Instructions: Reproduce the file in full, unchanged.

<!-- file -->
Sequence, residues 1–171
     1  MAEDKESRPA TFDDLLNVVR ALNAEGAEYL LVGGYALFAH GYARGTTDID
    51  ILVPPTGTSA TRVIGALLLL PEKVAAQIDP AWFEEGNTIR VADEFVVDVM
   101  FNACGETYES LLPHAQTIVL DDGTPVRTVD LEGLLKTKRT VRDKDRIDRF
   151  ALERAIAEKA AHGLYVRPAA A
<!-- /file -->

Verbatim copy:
Sequence, residues 1–171
     1  MAEDKESRPA TFDDLLNVVR ALNAEGAEYL LVGGYALFAH GYARGTTDID
    51  ILVPPTGTSA TRVIGALLLL PEKVAAQIDP AWFEEGNTIR VADEFVVDVM
   101  FNACGETYES LLPHAQTIVL DDGTPVRTVD LEGLLKTKRT VRDKDRIDRF
   151  ALERAIAEKA AHGLYVRPAA A